If you are claiming a zone tax offset, read on.

    Any remote area allowance or an equivalent amount included in an exceptional circumstances relief payment you received.

    $

    (g)

    Take (g) away from (f).

    $

    (h)

    The amount at (h), if it is more than zero (0), is your zone tax offset. Go to step 2.

    Step 2

    Write your zone or overseas forces tax offset amount at R item T8 on your tax return. Do not show cents. Go to question T9 - 20% tax offset on net medical expenses over the threshold amount.

    Category 2

    You:

    • lived or worked in more than one zone, or
    • served in a specified overseas locality for less than 183 days, or
    • served in a specified overseas locality and you were in one or more zones for a total of at least 183 days.

    You claim for the number of days in each eligible place divided by 183, to a maximum of 183 days for a year. Start with your zone that has the highest fixed amount in table 2. This will give you the greatest benefit.

    Example 1

    You spent 100 days in zone A and 120 days in zone B. You would claim 100   183 days for zone A and 83   183 days for zone B.

    Example 2

    You served 100 days in a specified overseas locality. You would claim 100   183 days.

    Example 3

    You served 100 days in an overseas locality as a member of the defence forces and served a further 83 days or more in a zone. You would claim the full overseas forces tax offset.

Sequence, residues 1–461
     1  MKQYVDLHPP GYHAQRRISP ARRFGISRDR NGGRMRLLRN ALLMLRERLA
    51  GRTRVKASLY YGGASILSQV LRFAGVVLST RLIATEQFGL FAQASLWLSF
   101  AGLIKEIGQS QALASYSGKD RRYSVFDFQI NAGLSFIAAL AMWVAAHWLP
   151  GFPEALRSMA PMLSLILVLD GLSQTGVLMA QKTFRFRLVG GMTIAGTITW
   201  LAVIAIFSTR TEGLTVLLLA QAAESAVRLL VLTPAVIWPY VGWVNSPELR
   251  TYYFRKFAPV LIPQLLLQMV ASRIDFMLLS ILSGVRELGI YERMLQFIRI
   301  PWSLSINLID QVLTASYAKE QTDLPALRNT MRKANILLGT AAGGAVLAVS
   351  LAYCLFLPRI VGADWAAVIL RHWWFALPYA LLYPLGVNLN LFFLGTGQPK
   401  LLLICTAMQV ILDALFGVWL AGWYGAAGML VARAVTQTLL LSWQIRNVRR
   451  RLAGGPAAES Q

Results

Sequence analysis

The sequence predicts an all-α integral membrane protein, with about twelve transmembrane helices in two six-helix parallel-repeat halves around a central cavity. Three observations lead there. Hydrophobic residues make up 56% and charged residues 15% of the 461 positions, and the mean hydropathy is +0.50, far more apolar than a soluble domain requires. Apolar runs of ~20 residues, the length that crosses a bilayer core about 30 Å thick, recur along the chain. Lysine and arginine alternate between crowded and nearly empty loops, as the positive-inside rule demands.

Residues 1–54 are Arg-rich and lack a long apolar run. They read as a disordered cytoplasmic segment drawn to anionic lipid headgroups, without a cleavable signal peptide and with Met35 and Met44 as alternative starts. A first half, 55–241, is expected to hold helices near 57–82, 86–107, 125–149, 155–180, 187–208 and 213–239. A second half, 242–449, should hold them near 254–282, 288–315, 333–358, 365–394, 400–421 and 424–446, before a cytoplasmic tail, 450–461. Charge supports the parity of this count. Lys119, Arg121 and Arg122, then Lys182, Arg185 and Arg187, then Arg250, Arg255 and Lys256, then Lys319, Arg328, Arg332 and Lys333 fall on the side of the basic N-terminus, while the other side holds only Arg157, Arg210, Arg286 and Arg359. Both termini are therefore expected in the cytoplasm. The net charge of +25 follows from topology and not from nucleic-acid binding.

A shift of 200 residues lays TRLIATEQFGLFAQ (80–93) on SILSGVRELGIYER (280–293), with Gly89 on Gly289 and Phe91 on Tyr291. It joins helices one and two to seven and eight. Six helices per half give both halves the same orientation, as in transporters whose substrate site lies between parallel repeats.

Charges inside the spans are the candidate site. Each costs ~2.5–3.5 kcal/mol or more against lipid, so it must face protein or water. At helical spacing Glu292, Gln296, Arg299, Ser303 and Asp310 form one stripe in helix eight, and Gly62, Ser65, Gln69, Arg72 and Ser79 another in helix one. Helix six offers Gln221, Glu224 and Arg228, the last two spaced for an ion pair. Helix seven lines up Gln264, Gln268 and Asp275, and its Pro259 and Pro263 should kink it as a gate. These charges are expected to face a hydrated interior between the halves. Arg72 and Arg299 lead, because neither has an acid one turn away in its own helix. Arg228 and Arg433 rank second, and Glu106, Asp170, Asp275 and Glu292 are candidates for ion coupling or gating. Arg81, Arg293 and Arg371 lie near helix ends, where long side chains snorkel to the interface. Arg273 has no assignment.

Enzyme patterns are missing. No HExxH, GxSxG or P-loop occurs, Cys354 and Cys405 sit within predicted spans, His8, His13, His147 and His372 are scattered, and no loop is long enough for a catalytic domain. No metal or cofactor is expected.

Example 4

    You served 100 days in an overseas locality and 185 days in a special area. As the special area in table 2 shows the highest fixed amount and you use up the maximum 183 days for this, you would simply claim the full special area amount and ignore the 100 days in an overseas locality.

    Step 1

    Use table 12 on the next page to work out your claim for each zone, special area or overseas locality you were in (as in the examples above).

    Table 12

     

    Your fixed amount from table 2

    $

    (a)

    Your base amount from table 10

    $

    (b)

    Multiply (b) by the percentage figure from table 2.

    $

    (c)

    Add (a) and (c).

    $

    (d)

    Number of days spent or served there to a maximum of 183 days (see the examples above)

    $

    (e)

    Multiply (d) by (e).

    $

    (f)

    Divide (f) by 183. This is the amount you can claim.

    $

    (g)

    Step 2